Polak-Springer on Ureña Valerio, 'Colonial Fantasies, Imperial Realities: Race Science and the Making of Polishness on the Fringes of the German Empire, 1840-1920'

Lenny A. Ureña Valerio. Colonial Fantasies, Imperial Realities: Race Science and the Making of Polishness on the Fringes of the German Empire, 1840-1920. Polish and Polish American Studies Series. Athens: Ohio University Press, 2019. Illustrations. 320 pp. $70.00 (cloth), ISBN 978-0-8214-2373-8

Reviewed by Peter Polak-Springer (Qatar University)
Published on H-Poland (April, 2020)
Commissioned by Anna Muller (University of Michigan - Dearborn)

Printable Version: http://www.h-net.org/reviews/showpdf.php?id=54498

In recent decades, historians have treated the Prussian/imperial German East in the long nineteenth century as a space for German colonialism in Europe as well as for transnational German-Slav interaction.[1] Lenny A. Ureña Valerio’s Colonial Fantasies, Imperial Realities is not just another contribution to this research trend but rather a work that takes it on an entirely new and unexplored path. Valerio does two things no transnational and postcolonial historian of Polish-German relations—nor Central Europe—has ever done. For one, she entwines the transnational and colonial history of the Prussian East with German imperialism in East Africa. Secondly, she demonstrates that not only Germans but also Poles, despite being colonized by the former, had a colonial agenda of their own, which was not just a discourse but an active project in the German African colonies and migrant colonies in Brazil. 

About a decade ago at a graduate student seminar in Berlin, I had the great pleasure of hearing Valerio speak about her research for this book, which at the time was her doctoral dissertation project. In particular, I remember how she conveyed that writing an entwined history of Prussian Poland, German East Africa, and migrant colonies in Brazil was a natural undertaking for her. Indeed, in many respects it was! Certainly, Valerio’s background is quite different from that of most historians working on Central Europe. As a Puerto Rican woman with Dominican roots, her experience of the postcolonial world is not just a bookish but also a first-hand one. Interestingly enough, she decided to invoke this experience to study one of Europe’s eminent all-white regions—nineteenth-century Prussian Poland (imperial Germany’s Polish partition). At first sight at least, the absence of blatant “racial difference” and common Europeanness among Germans and Poles of this region renders any comparison between German colonization here and European imperialism in Africa quite problematic. Nevertheless, as Valerio notes in the preface to her book, this is mainly what drove her to move to Poland and work on this aspect of German-Polish transnational history in the first place.

This was no easy choice of topic. Quite remarkably, Valerio mastered German and Polish, without which writing this book, which is largely based on close readings of nineteenth-century scientific journals and newspapers in these languages, documents from a number of archives in Germany and Poland, and an extensive reading of German- and Polish-language scholarship, would hardly have been possible. That only covers the European side of this work in global and transnational history. Valerio also worked in the archives of Paraná and Rio de Janeiro. This wealth of painstaking research gives Valerio’s book remarkable multifaceted complexity and insightfulness.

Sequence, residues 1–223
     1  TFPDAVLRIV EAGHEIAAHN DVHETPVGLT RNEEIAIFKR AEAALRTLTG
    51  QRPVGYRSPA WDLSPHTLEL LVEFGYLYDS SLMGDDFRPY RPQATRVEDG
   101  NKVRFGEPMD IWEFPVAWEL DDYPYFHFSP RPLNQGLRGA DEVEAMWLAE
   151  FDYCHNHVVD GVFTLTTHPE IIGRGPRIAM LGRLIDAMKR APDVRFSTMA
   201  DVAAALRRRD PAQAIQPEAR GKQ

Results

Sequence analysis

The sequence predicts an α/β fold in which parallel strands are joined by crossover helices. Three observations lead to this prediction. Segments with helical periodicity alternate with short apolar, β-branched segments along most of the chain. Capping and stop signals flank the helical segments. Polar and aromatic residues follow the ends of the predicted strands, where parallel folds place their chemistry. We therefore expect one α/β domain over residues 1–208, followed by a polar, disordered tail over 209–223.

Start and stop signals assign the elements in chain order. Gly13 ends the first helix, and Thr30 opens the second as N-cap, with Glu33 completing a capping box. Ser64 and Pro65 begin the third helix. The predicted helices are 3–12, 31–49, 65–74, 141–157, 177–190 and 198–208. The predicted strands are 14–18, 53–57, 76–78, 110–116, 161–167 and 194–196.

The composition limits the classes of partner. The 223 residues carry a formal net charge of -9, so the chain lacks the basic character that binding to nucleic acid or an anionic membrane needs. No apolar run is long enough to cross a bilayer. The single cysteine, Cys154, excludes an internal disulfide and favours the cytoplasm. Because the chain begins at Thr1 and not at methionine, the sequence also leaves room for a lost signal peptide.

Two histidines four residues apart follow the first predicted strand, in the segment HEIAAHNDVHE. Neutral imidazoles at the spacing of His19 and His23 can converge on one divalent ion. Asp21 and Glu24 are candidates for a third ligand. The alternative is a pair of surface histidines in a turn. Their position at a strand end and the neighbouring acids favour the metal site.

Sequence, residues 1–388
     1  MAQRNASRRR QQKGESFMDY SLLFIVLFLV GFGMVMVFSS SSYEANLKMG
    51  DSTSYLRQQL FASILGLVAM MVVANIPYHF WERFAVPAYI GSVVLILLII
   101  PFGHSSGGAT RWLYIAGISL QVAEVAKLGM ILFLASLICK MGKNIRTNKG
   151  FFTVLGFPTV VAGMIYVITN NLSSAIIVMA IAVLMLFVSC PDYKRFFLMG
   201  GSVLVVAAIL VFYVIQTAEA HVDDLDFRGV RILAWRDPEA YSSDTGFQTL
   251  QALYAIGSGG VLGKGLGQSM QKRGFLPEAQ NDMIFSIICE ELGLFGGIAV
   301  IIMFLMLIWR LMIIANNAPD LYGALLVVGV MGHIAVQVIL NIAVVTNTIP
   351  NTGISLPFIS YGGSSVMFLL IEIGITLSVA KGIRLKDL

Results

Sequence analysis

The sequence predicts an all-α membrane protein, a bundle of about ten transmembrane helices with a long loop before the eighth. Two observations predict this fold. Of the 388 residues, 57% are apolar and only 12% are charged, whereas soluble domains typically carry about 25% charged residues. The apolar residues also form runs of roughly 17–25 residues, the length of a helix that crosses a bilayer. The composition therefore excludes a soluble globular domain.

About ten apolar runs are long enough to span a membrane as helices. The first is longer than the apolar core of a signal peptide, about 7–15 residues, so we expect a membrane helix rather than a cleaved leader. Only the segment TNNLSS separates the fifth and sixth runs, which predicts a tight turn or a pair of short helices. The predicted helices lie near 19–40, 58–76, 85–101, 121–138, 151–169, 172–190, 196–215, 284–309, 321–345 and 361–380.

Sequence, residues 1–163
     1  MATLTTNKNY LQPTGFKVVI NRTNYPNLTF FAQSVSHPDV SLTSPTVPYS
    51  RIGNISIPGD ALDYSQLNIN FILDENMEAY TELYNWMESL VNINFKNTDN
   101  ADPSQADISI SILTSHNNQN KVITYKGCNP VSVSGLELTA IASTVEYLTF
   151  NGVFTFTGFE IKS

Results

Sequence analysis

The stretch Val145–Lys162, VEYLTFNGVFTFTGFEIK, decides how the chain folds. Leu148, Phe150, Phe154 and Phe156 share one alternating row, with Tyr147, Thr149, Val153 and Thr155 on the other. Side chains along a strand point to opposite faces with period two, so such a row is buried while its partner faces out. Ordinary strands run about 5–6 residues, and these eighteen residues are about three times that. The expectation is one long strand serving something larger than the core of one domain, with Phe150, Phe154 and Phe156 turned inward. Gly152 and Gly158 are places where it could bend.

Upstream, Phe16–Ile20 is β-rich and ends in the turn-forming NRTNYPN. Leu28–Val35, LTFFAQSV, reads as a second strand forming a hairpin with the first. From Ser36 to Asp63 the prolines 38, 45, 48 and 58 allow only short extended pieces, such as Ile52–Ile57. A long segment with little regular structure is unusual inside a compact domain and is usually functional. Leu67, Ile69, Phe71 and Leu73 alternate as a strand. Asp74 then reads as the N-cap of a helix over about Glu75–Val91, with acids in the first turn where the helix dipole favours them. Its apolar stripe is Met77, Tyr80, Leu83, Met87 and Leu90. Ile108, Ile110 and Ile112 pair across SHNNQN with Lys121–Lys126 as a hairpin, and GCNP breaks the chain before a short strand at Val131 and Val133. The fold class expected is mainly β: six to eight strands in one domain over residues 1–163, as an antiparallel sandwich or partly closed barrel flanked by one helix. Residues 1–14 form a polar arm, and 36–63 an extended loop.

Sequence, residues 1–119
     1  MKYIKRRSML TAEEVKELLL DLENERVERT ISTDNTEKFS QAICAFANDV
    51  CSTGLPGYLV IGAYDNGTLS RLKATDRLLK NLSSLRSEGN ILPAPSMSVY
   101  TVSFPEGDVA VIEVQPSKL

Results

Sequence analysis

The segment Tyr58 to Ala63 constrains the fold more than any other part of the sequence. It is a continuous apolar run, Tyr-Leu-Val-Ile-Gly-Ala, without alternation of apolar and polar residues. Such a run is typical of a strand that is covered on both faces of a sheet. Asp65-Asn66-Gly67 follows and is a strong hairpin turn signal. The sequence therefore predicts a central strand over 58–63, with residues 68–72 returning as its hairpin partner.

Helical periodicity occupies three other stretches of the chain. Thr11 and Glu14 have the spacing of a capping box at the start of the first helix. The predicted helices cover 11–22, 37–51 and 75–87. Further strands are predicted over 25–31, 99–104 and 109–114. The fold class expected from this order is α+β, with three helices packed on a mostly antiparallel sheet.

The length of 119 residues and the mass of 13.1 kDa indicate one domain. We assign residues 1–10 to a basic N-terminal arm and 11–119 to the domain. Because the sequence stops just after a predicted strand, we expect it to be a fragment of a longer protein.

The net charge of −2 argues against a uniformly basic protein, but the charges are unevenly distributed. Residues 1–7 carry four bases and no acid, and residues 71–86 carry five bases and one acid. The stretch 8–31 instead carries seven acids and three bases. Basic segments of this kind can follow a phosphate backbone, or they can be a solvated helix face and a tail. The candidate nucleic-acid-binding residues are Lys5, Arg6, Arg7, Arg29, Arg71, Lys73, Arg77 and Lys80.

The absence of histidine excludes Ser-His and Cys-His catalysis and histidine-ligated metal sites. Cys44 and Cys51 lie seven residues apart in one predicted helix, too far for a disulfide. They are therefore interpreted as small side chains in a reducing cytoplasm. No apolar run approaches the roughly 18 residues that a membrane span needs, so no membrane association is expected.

Her argument is quite clear and cogent throughout. Valerio contends that “studies that approach the German borderlands from a (post)colonial perspective generally place too much emphasis on German fantasies of domination without effectively integrating the political activities and desires of the ‘colonized.’” She also criticizes existing scholarship on perhaps the most intensively worked-on topic of Polish historiography, nationalism and nation-building, for ignoring the “global dimensions and cultural exchanges that could have influenced political struggles and identification process in the region [Central Europe and the German-Polish borderlands]” (p. 2). Valerio’s transnational and comparative analysis of Prussian Poland and German Africa is already in and of itself quite innovative. However, her additional treatment of not just German colonial actors but Polish ones as well is nothing less than pathbreaking. Certainly one of the most original aspects of her argument is that despite themselves being the victims of partition and “colonization,” Polish professionals and intelligentsia nevertheless developed their own “colonial fantasies” in reflection to their experiences in East Africa and connections to Polish migrants in Brazil. These fantasies promoted ambitions of Polish colonial acquisition and of a special, and moral, Polish way of “civilizing” Africans and Latin Americans. Valerio cleverly argues that these “colonial fantasies” fueled the patriotic ego of the stateless Poles, who were stigmatized for being on the margins of European civilization (p. 7). According to Valerio, by engaging in the “‘Pan European colonial project,’” Polish elites imagined themselves as “catching up” “with other (West) European powers” and overcoming the stereotypes of “backwardness” ascribed to them by Germans (p. 46).       

Rather than comparing German colonization in Central Europe with European imperialism in Africa, Valerio takes another clever approach. She writes a transnational history—not so much comparative as interwoven—of German and Polish colonial agents and their “colonial fantasies.” She approaches this subject from the angle of the history of medicine, focusing on the work and discourses of German and Polish medical professionals, broadly defined—experts of health, medicine, hygiene, ethnography, and anthropology. Analyzing their travel stories and research published in the press and scientific journals, Valerio argues that “many German and Polish physicians ... contributed to the political expansion of empires and national agendas in overseas colonies and the Prussian-Polish provinces” (p. 8). Certainly, beyond a narrow interest in Polish ventures to expel the Jews of interwar Poland to Madagascar, scholarship has only cast a colonial identity to Poles within the context of their territorial expansion within Europe, but not outside of it.[2]